|National performance in immunology|
|Data provided by Thomson Reuters from its Essential Science Indicators, 2000-10|
|Top countries by number of highly cited papers||Top countries by citations to highly cited papers||Top countries by citations per highly cited paper|
| ||Country||Highly cited papers|| ||Country||Citations to highly cited papers|| ||Country||Citations per highly cited paper|
|10||The Netherlands||125||10||The Netherlands||24,9||10||Canada||176.91|
This table ranks national performance in immunology based on highly cited papers published during the period 2000 through 2010, among those nations that fielded at least 100 such papers. Three rankings are offered: by number of highly cited papers, by citations to highly cited papers, and by citations per highly cited paper. Highly cited papers are defined in the Thomson Reuters Essential Science Indicators database, from which these statistics derive, as ranking in the top 1 per cent by citations for their field and year of publication. Some 2,797 papers in immunology were identified as highly cited during the 11-year period, and these were cited a total of 695,987 times, for an average of 238.83. Thus only the top two nations ranked by citation impact – Japan and the US – surpassed the average score for such influential reports.
Japan's performance in immunology is notable. Although it holds only a 7 per cent world share in the field, its citation impact is some 10 per cent above the world average. That is good for a fourth-place ranking in a survey of all immunology papers. Japan follows the US at 30 per cent above average; Switzerland at 28 per cent above average; and the UK at 20 per cent above average. But when only highly cited papers are surveyed, Japan jumps to the top spot in impact. Much of the explanation for this can be traced to the work of Shizuo Akira and his colleagues at Osaka University, whose work focuses on innate immunity and toll-like receptors. Akira published 83 highly cited papers, the highest number during the period, and some 31 per cent of all Japanese highly cited papers in immunology. The researcher with the next highest number of highly cited papers in immunology is Richard A. Flavell of Yale University and the Howard Hughes Medical Institute, who published 39.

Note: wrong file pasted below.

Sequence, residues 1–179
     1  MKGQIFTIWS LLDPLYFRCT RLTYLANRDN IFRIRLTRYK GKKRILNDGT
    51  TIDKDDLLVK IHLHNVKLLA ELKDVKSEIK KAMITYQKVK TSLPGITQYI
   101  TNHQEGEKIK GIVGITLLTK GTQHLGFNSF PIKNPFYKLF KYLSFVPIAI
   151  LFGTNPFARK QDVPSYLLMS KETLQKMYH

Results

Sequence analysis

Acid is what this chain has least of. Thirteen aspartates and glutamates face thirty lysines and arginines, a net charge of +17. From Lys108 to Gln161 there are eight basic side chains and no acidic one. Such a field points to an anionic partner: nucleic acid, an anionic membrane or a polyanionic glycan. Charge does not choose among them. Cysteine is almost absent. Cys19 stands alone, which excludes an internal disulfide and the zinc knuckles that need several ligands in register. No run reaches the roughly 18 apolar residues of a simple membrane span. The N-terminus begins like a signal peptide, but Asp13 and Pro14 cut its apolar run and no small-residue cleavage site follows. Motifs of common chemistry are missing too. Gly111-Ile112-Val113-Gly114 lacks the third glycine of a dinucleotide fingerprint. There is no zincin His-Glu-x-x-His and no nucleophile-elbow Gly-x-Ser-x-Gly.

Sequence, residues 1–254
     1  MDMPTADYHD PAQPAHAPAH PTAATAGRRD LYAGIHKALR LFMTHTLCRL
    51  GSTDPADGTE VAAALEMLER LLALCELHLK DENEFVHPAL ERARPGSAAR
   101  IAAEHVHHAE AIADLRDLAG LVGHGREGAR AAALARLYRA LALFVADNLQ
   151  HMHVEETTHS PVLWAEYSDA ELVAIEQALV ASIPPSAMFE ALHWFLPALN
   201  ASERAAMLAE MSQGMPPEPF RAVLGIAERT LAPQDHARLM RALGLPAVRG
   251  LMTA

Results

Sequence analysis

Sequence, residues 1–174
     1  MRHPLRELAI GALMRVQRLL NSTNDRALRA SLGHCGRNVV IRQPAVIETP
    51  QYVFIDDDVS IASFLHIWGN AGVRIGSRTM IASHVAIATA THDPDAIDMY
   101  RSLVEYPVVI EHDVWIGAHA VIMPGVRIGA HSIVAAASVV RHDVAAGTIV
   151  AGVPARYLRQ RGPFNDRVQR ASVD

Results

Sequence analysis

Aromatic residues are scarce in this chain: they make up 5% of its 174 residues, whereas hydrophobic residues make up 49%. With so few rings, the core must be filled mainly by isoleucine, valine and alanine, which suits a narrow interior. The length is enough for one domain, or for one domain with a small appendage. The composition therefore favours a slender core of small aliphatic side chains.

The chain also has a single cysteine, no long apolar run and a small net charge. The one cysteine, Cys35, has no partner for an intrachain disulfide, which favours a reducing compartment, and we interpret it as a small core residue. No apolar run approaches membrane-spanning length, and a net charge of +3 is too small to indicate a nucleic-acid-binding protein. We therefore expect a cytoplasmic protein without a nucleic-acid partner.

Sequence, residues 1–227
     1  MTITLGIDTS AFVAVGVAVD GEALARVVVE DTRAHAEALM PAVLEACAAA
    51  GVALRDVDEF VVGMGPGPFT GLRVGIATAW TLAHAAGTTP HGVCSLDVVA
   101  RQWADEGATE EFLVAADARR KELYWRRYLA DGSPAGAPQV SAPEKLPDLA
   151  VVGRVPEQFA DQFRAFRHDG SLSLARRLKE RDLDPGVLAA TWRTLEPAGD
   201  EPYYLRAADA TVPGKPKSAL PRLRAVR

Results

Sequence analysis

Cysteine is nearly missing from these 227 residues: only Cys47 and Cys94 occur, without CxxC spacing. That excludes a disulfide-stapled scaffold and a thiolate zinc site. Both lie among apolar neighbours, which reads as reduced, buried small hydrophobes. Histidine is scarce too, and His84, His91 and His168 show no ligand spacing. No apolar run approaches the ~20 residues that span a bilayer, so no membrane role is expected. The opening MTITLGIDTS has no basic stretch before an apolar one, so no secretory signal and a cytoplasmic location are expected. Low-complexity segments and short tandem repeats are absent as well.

Papers in immunology were defined as those published in discipline-specific journals indexed in Thomson Reuters' Web of Science database. Papers published in multidisciplinary journals such as Science and Nature that could be identified as related to immunology were also included in this analysis.
For more information on Thomson Reuters Essential Science Indicators, see http://science.thomsonreuters.com/products/esi.